8 of 11 people found the following review helpful
When I was younger......,
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This review is from: Help! [DVD]  (DVD).....way back in 1965, the biggest grossing film in the UK that year was Help! Forty plus years later, it receives its DVD premiere. Why? I guess only Apple knows, but as anything Beatle tends to garner column inches and sales many other artists can only salivate over, the answer would probably be "the time was right". And there are two versions available, both double discs: a standard release aimed at the casual buyer and a deluxe package for the collector, complete with a copy of the original script (with Dick Lester's handwritten alterations: it's a shame most is too hard to read), a 60 page book with photos from the film, a reproduction poster, and a set of reproduction lobby cards.
The Fab Four's second feature wasn't as good as A Hard Day's Night but it still had its redeeming qualities: the music for one. Certainly not up there with their finest, the seven songs were out of sight compared to what else was on offer at the time. (In fact, very few songs have surpassed both the toe-tapping `Ticket to Ride' - the first `heavy metal' song? - and the personal `Help!' in the interim, discounting the Beatles' own, of course.) To improve the film, Help! has been digitally restored, making the picture jump out at you, and remixed into 5.1, so if you have the equipment be prepared for an aural delight. (Even without full 5.1, the music sounds as if it was recorded yesterday.) The second DVD has the usual extras: a `making of' documentary, interviews and trailers all alongside an insight into the restoration of the film as well as a deleted scene involving Wendy Richards, but none can really be classed as such. The documentary was shown on TV recently, as, indeed was Help! itself, and two of the trailers were included in the films' 1995 VHS release, as were the `hidden' radio spots. As for the deleted scene, as intriguing as it appears don't get too excited: it's not what you probably think. It's no more than Richards talking about her part in the film, along with some stills of the aforementioned scene. Disappointing? Certainly. Worth watching? Not more than once. Apple and Subafilms should have considered dispensing with the second disc, releasing a standalone version instead.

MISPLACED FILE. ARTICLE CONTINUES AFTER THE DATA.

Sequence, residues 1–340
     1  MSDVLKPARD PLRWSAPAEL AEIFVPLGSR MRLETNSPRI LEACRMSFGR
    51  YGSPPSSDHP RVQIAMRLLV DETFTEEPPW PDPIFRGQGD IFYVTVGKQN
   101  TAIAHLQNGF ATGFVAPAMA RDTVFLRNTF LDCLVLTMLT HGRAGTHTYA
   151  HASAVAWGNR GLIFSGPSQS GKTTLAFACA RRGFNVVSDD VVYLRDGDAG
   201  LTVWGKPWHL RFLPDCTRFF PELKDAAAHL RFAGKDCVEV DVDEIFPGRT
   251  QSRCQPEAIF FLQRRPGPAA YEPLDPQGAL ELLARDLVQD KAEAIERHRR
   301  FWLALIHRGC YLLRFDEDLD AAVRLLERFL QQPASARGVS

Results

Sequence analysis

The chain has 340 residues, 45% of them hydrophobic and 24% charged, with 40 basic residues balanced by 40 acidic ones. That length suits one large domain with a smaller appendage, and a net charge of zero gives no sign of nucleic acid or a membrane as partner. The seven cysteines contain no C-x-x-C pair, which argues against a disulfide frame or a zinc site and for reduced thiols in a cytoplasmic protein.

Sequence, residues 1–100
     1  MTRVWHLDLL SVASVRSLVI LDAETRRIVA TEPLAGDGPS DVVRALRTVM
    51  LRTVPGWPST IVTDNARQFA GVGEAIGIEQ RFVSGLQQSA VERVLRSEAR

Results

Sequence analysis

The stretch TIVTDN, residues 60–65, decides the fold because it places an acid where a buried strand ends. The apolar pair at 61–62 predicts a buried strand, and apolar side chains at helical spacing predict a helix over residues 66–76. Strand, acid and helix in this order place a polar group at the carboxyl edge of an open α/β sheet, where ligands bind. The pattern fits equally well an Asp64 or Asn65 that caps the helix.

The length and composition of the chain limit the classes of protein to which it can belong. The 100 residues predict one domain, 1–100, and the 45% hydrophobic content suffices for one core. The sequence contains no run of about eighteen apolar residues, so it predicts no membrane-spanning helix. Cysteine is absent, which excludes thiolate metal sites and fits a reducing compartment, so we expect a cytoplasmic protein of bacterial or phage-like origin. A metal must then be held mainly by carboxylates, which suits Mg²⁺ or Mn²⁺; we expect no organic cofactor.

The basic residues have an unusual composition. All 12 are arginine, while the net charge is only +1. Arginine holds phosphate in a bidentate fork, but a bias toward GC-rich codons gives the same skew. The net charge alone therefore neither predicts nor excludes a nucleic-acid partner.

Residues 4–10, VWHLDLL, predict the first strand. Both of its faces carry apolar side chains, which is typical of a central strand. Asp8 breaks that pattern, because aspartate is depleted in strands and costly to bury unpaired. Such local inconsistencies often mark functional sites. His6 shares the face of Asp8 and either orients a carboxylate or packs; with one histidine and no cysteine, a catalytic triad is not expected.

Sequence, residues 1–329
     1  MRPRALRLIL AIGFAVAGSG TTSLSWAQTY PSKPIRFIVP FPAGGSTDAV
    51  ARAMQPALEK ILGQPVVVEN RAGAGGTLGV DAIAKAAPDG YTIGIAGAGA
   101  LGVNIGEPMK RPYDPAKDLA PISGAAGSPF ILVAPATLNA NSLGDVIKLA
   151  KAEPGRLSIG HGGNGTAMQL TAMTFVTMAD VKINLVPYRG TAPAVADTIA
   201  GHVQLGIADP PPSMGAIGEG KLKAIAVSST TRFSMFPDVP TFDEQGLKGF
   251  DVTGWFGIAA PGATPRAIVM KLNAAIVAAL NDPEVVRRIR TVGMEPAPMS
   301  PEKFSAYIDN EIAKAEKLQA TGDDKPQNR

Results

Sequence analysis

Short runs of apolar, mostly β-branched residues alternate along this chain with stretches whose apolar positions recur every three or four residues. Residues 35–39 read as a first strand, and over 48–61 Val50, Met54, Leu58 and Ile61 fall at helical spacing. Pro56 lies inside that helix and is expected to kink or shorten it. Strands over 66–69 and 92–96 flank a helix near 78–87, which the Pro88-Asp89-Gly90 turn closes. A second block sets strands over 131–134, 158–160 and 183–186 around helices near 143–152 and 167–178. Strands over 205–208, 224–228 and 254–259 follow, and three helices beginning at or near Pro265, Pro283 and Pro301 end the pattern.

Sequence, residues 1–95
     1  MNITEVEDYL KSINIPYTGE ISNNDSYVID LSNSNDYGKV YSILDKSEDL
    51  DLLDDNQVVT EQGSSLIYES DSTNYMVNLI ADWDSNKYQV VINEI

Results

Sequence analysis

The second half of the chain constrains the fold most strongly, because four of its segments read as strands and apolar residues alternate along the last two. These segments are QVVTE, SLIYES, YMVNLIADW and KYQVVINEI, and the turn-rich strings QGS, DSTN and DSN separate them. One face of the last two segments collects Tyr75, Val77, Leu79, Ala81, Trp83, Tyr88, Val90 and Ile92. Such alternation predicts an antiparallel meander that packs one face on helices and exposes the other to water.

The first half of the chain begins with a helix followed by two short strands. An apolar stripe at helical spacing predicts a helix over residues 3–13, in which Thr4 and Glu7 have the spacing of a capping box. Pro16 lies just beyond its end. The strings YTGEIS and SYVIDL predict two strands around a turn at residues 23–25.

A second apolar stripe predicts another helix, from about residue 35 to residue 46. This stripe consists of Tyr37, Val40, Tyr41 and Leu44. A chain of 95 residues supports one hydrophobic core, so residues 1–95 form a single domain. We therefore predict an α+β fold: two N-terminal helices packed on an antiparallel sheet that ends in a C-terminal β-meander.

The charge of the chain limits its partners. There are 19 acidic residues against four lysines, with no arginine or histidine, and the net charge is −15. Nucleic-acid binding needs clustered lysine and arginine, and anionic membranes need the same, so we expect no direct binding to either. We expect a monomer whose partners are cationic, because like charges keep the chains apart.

Beatle people will buy this in their droves but is it worth paying extra for the deluxe edition? For what's included within the answer has to be no. Even though the packaging is superb, I can't imagine that these, as welcome as they may be, have increased the production costs that much to justify an additional £25 or so. But, when all's said and done, only you can decide.